• 12. “ There are more than 1.2 million rock acts and 1.7 million R&B acts alone clamouring for attention on MySpace. This overwhelming number of new bands and music available to consumers also highlights one of the key roles for record companies in the digital space. The need for filtering, selection, marketing and recommendation is greater than ever.”
  • 13.  
  • 14. “ An internet survey of 3,000 people who downloaded the album found that most paid an average of £4, although there was a hardcore of 67 fans who thought that the record was worth more than £10 and a further 12 who claimed to have paid more than £40.” Sherwin, Adam. "How much is Radiohead's online album worth?". The Times. 2007.10.11.
  • 15. “ In terms of digital income, we've made more money out of this record than out of all the other Radiohead albums put together, forever — in terms of anything on the Net. And that's nuts. It's partly due to the fact that EMI wasn't giving us any money for digital sales. All the contracts signed in a certain era have none of that stuff.” Thom Yorke "David Byrne and Thom Yorke on the Real Value of Music". Wired . 12.18.07
  • 16.  
  • 17.  
  • 18.  
  • 19.  
  • 20. “A week after the album's release, the official Nine Inch Nails site reported over 750,000 purchase and download transactions, amassing over US$1.6 million in sales.” http://en.wikipedia.org/wiki/Ghosts_I-IV#cite_note-tribune-12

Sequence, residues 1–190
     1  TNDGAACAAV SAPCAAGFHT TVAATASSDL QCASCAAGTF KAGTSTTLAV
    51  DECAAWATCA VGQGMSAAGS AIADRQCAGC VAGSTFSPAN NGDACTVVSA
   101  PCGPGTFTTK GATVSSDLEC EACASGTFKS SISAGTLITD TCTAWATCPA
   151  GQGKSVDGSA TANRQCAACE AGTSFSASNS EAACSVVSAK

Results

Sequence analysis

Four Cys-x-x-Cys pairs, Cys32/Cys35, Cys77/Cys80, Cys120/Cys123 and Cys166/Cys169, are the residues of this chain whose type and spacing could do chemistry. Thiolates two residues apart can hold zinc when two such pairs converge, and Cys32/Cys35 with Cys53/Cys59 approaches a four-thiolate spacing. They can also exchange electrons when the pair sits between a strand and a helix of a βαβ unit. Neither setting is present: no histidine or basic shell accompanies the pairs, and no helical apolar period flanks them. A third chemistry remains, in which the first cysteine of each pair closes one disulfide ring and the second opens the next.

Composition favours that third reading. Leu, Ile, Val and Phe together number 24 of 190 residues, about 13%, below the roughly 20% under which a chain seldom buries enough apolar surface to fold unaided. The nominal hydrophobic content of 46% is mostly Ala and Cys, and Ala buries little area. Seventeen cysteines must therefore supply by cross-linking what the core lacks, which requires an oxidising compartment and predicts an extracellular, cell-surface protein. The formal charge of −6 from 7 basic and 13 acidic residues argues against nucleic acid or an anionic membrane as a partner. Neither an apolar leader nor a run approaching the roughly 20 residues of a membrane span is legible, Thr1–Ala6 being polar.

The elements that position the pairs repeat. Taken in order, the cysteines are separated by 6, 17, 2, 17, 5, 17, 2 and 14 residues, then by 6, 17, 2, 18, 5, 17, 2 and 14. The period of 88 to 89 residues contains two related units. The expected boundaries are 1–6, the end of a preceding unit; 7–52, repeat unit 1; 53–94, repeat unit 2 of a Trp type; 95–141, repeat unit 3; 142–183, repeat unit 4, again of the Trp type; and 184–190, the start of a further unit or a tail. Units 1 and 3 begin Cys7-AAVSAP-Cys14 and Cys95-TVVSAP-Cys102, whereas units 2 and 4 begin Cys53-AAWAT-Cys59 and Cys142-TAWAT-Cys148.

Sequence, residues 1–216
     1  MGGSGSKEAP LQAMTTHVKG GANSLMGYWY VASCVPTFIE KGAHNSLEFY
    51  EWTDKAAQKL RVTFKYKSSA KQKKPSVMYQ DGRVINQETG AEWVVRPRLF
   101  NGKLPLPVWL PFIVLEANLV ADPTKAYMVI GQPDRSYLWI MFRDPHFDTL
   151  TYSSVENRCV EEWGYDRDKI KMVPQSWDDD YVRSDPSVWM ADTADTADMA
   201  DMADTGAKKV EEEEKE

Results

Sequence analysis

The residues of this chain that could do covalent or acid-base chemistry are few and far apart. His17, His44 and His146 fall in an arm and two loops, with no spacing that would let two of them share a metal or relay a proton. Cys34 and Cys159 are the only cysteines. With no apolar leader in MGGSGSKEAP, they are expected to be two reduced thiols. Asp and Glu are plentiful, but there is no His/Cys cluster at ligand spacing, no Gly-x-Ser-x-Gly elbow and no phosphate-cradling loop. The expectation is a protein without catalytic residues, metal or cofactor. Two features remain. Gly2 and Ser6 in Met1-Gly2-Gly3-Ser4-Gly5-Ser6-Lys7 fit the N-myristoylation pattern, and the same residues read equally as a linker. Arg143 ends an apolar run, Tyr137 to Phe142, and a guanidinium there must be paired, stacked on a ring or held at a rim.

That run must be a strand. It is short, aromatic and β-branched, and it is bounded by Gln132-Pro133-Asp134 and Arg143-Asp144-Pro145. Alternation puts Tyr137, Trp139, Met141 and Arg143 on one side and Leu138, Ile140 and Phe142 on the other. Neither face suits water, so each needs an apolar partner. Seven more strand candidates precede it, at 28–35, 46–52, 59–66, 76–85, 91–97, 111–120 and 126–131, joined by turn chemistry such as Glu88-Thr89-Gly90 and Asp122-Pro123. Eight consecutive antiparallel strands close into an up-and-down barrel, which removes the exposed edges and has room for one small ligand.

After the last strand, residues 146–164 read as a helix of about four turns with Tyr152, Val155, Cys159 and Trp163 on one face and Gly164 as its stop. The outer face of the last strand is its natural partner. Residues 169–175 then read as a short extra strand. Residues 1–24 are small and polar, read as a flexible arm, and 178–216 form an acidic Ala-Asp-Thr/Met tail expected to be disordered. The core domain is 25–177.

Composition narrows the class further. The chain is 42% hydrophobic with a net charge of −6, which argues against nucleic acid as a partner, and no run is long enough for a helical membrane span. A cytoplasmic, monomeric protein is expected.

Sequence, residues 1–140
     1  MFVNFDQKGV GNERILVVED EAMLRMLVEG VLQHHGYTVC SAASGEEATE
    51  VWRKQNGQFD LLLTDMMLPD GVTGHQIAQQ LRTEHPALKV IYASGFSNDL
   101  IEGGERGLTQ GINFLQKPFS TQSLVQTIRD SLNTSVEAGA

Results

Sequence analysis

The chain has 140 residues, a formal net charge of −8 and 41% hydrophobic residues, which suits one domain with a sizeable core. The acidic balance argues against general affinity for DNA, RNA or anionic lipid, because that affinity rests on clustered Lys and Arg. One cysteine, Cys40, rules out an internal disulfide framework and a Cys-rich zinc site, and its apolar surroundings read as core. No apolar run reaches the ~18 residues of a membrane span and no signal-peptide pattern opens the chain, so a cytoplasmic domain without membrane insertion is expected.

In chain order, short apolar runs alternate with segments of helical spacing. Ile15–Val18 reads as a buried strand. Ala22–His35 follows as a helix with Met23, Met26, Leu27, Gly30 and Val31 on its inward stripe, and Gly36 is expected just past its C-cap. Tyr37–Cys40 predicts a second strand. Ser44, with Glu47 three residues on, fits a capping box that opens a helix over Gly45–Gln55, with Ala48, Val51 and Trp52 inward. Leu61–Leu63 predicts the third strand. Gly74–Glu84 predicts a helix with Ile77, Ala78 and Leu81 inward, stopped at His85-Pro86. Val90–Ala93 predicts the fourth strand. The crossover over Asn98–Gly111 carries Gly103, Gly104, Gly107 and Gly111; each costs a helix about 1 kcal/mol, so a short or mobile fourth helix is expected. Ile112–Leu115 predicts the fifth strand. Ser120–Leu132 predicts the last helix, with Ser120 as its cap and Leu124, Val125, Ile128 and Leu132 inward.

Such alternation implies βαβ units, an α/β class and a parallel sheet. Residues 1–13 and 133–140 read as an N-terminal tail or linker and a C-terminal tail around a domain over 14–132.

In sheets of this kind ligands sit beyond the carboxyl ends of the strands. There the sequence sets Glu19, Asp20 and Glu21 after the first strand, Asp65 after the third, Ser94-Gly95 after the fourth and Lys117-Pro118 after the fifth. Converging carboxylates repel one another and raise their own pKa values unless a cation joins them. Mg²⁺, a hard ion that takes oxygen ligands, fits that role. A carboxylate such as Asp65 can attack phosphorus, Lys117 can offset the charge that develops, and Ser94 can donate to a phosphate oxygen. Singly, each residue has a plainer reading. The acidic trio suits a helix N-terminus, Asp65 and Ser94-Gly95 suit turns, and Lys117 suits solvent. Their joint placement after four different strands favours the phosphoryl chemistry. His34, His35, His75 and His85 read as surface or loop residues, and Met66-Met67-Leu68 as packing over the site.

• 21. “Pre-orders of the $300 'Ultra-Deluxe Limited Edition' sold out in less than three days of its release.” http://en.wikipedia.org/wiki/Ghosts_I-IV#cite_note-13
  • 22. Magnatune: CC+ in Action
  • 23. Lisa DeBenedictis is a singer-songwriter on Magnatune who creates lilting, textural alt-pop http://magnatune.com/artists/debenedictis
  • 24.  
  • 25. "Girl and Supergirl" is a song from Lisa's album “Tigers” http://magnatune.com/artists/albums/debenedictis-tigers/
  • 26.  
  • 27. Lisa posted the a capella vocals for "Girl and Supergirl" to ccMixter, a community remix site. http://ccmixter.org/files/lisadb/373
  • 28.  
  • 29. It was then remixed into 76 songs .
  • 30. Including “Supergirl” by MC Jack in the Box. http://ccmixter.org/files/mcjackinthebox/7436
  • 31.  
  • 32. The best remixes were compiled into Mixter One , an album where distribution agreements were signed with all the selected remixers. http://magnatune.com/artists/albums/debenedictis-mixterone/
  • 33. The remixers and the musician get paid for sales of this album: 50% of the total price goes to Magnatune, and the other half is split 50/50 between the artist and the remixer.
  • 34. So if someone pays $10 for the album, $5 goes to Magnatune, and $5 is split between Lisa and the 15 remixers. Which means that for each album sold, $2.50 goes to Lisa, and then 1/15th ($0.17) goes to each remixer (since there are 15 remixers on the album).
  • 35. One of the remixes, “Cuckoo (Muffin Mix)”, was then commercially licensed by the bicycle company 53x11 for their promotional album, “ROULEUR”. http://www.53x11.com/rouleur/
  • 36.  
  • 37. For the commercial license of the song, the royalty rate is 18 cents per song per CD made. So 9 cents go to Magnatune, and the other 9 cents are divided evenly between Lisa D and the one remixer. They initially made 500 CDs, for a commercial license fee of $90.
  • 38.  
  • 39. Sources IFPI Digital Music Report 2008. "David Byrne and Thom Yorke on the Real Value of Music". (2007-12-18). Wired . http://www.wired.com/entertainment/music/magazine/16-01/ff_yorke?currentPage=all Sherwin, Adam. (2007-10-11)."How much is Radiohead's online album worth?". The Times. http://entertainment.timesonline.co.uk/tol/arts_and_entertainment/music/article2633798.ece